Some observers argue that the Cossacks simply wanted to secure their loot from the French camp, while others emphasize that Kutuzov is satisfied with the limited victory and orders no pursuit.
The Battle of Tarutino, or the Battle of Vinkovo, is relatively small scale but important: the Russians are from now on willing to go over to the offensive, and the Grande Armee is psychologically shaken and beatable.

The Russians triumph at Tarutino, but Kutuzov doesn’t press his advantage despite good intelligence from his superior light cavalry. Instead, the Grande Armee will come to him as it leaves Moscow behind.

The Grande Armee that marches out of a burnt-out Moscow on October 18 and 19 is a shadow of the one that crossed the Neman river in June. The Tsar has rejected Napoleon’s peace offers, and in the month the army spent in Moscow, Cossack and partisan raids kill or wound another 10-15,000 men. There are now only about 95,000 men in Napoleon’s main strike force. The months of hardship have reduced them to a disorganized and dispirited crowd intent on surviving rather than conquering.
A massive baggage train of up to 50,000 wagons, carts, and even wheelbarrows, accompanies the troubled army’s columns. Captain Eugene Labaume is reminded of a scene from antiquity:
“He who has not seen the French army leave Moscow can scarcely imagine the Greek and Roman armies as they abandoned the ruins of Troy or Carthage. The long lines of carts, in ranks of three or four, extended several leagues and were loaded with the immense booty the soldiers had torn from the flames.” Boudon 249
Many French residents of Moscow who had lived there before the war also leave, along with some Russians who cast their lot with the French. Napoleon initially leaves 10,000 men in the city with orders to blow up the Kremlin, but changes his mind soon after and orders all his troops to leave. They attempt to destroy the Kremlin but fail.
The French-led occupation of Moscow causes a strong feeling of resentment in Russia and helps rally the population against the Grande Armee. Russian authorities use the fire for propaganda, but peasant art and songs also show their hatred of the French and genuine attachment to Russia.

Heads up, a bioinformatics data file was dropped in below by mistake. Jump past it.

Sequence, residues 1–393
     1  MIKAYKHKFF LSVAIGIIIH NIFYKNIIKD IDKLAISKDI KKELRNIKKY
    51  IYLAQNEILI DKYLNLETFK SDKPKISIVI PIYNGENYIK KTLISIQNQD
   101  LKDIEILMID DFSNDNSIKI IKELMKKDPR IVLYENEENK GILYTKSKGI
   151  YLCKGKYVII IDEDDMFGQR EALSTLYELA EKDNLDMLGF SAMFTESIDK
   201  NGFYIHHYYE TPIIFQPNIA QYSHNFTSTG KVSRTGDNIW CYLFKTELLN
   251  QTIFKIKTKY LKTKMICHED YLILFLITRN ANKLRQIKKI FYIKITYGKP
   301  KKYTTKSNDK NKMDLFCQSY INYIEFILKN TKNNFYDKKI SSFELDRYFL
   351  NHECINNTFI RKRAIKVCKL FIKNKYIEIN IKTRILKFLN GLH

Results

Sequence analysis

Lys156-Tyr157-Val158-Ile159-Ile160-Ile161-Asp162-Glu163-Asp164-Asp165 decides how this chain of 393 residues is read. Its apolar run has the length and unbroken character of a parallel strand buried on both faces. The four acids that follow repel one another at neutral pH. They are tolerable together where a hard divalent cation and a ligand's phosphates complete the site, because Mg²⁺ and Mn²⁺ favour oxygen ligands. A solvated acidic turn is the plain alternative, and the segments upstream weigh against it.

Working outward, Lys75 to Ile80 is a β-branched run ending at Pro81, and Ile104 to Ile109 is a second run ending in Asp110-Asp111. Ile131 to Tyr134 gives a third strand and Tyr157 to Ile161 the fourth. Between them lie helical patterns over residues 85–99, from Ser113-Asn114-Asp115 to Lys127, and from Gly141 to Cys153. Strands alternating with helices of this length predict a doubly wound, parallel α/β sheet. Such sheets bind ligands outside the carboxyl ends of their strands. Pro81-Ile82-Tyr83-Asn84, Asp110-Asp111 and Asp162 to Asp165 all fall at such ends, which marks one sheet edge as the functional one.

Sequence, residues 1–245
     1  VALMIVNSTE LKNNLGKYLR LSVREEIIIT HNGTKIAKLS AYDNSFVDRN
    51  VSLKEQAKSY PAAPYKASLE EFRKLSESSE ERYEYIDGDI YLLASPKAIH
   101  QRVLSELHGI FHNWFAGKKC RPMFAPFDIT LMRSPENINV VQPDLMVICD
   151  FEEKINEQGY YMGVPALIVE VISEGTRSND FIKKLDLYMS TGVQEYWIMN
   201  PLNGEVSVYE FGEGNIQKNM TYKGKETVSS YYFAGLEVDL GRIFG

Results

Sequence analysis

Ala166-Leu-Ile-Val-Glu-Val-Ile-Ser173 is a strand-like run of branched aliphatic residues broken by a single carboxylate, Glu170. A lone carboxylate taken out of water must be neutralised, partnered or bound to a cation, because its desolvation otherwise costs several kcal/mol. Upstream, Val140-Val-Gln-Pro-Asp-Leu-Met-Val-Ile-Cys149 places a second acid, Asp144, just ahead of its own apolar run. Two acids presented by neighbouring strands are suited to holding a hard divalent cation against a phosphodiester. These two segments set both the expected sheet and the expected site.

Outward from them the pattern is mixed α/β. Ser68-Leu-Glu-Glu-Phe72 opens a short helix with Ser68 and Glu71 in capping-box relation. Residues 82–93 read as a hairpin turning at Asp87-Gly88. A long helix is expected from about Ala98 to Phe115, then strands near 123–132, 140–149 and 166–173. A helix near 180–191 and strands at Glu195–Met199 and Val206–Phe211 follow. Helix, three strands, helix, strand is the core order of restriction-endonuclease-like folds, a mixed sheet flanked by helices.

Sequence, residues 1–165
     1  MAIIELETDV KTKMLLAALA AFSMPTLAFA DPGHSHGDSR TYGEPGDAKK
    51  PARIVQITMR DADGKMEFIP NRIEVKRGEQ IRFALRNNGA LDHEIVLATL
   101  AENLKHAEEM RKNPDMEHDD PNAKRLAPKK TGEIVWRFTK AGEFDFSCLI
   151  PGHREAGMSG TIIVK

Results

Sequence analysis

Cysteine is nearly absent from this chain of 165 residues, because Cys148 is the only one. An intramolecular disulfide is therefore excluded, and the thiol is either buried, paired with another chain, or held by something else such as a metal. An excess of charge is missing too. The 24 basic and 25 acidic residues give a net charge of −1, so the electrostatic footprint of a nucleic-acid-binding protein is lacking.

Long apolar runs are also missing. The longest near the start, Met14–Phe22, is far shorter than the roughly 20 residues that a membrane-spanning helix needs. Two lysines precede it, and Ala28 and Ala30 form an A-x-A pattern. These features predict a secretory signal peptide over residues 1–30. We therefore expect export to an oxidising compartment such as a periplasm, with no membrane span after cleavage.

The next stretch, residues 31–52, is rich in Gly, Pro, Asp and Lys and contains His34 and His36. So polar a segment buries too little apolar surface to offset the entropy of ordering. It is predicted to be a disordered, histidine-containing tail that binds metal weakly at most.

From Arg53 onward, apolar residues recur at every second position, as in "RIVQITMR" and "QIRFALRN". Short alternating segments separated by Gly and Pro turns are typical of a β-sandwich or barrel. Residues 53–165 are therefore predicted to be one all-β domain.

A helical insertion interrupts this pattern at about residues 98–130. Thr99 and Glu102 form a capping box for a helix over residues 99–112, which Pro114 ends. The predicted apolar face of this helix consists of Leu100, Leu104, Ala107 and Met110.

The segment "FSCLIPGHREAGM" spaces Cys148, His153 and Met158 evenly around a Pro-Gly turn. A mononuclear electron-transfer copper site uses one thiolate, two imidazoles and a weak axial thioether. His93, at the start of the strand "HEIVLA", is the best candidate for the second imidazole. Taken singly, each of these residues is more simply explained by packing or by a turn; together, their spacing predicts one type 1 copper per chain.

The reality of the re-entry of Russian troops and civilians into Moscow is more complicated than patriotic sentiments. The city is absolutely ruined, as one pre-war French resident who decides to stay recalls:
“One could barely recognize where the streets had been; corpses lay everywhere in the streets and in the courtyards […] dead horses blocked the roads, the carcasses of cows and dogs lay among the bodies of people; a little farther along [those] who had been hanged – they were arsonists who had been shot and then strung up. We passed all this by with an inconceivable indifference.” Rey 206
As the French leave, peasants from the devastated villages around the city organize themselves into large groups and take advantage of the disorder to plunder anything of use still left among the ruins. An anonymous Russian observes the chaos:
“By entire convoys, peasants arrived in Moscow to steal what the enemy hadn’t had the time or the possibility to take away. They took mirrors, chandeliers, paintings, books, furniture; in a word, they took everything they could lay their hands on.” Rey 224
Russian authorities arrest many of the looters in the following days, but eventually strike a modus vivendi by having the peasants carry the thousands of bodies lying in the streets outside the city limits and bury them on their way home.

As Napoleon leaves the ruins of Moscow behind and wants to reach Smolensk or Minsk by a safe route to consider his options and perhaps set up winter quarters. But a restored Russian army is blocking the way.

The much-reduced Grande Armee that left Moscow on October 18 heads to the southwest, towards Kaluga and the encamped Russian army. He hopes to take a southerly route westwards, but wants to avoid the Russian army. So his forces veer west and head for MaloyaroslAvets, a small town at a key junction that would allow the Grande Armee to choose its preferred route and keep the Russian army at bay.
The Russians know French-led forces are near MaloyaroslAvets, but they don’t know it’s Napoleon’s main army until Russian partisans get confirmation from captured French officers. Meanwhile 6000 men of Eugene’s vanguard have occupied the town, and General DOkhturov decides to attack them with his force of 12,000.
The night of October 23, the Russians manage to push the French units out of the town and across the lone bridge spanning the nearby river. Dokhturov sets up his guns on the steep slopes behind the town, which gives the Russians a tactical advantage for the main battle which starts early on the 24th.
The fighting rages back and forth throughout the day, and each side throws in more and more units. In all some 32,000 Russians and 24,000 Grande Armee troops are involved. Most of the troops fighting on the French side are from the Italian peninsula, and Maloyaroslavets is the culmination of their role in the campaign. Italian units hold out in bitter fighting around a monastery, while the town changes hands up to 5 times. In general, Russian troops are able to attack downhill with powerful artillery support from the heights above, while Eugene’s men must worry about the vulnerable bridge behind them. The fighting in the streets is at close quarters, and British General Robert Wilson, who is attached to the Russian army, recalls the haunting scene: